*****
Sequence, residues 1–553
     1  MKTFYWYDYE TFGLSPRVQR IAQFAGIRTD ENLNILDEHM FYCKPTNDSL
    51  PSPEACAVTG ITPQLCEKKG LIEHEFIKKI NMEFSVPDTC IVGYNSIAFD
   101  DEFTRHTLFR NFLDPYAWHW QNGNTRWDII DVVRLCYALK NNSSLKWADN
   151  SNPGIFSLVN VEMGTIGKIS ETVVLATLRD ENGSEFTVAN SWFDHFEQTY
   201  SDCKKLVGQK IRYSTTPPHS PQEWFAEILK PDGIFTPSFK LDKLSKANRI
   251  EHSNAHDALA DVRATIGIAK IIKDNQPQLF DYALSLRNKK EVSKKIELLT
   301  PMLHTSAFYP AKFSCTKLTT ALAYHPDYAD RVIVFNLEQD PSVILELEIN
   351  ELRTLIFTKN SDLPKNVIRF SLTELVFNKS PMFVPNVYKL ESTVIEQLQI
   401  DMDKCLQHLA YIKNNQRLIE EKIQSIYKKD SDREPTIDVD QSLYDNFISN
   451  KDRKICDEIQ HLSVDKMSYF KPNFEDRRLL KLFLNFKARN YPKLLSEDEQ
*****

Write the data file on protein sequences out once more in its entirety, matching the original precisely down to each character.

Sequence, residues 1–553
     1  MKTFYWYDYE TFGLSPRVQR IAQFAGIRTD ENLNILDEHM FYCKPTNDSL
    51  PSPEACAVTG ITPQLCEKKG LIEHEFIKKI NMEFSVPDTC IVGYNSIAFD
   101  DEFTRHTLFR NFLDPYAWHW QNGNTRWDII DVVRLCYALK NNSSLKWADN
   151  SNPGIFSLVN VEMGTIGKIS ETVVLATLRD ENGSEFTVAN SWFDHFEQTY
   201  SDCKKLVGQK IRYSTTPPHS PQEWFAEILK PDGIFTPSFK LDKLSKANRI
   251  EHSNAHDALA DVRATIGIAK IIKDNQPQLF DYALSLRNKK EVSKKIELLT
   301  PMLHTSAFYP AKFSCTKLTT ALAYHPDYAD RVIVFNLEQD PSVILELEIN
   351  ELRTLIFTKN SDLPKNVIRF SLTELVFNKS PMFVPNVYKL ESTVIEQLQI
   401  DMDKCLQHLA YIKNNQRLIE EKIQSIYKKD SDREPTIDVD QSLYDNFISN
   451  KDRKICDEIQ HLSVDKMSYF KPNFEDRRLL KLFLNFKARN YPKLLSEDEQ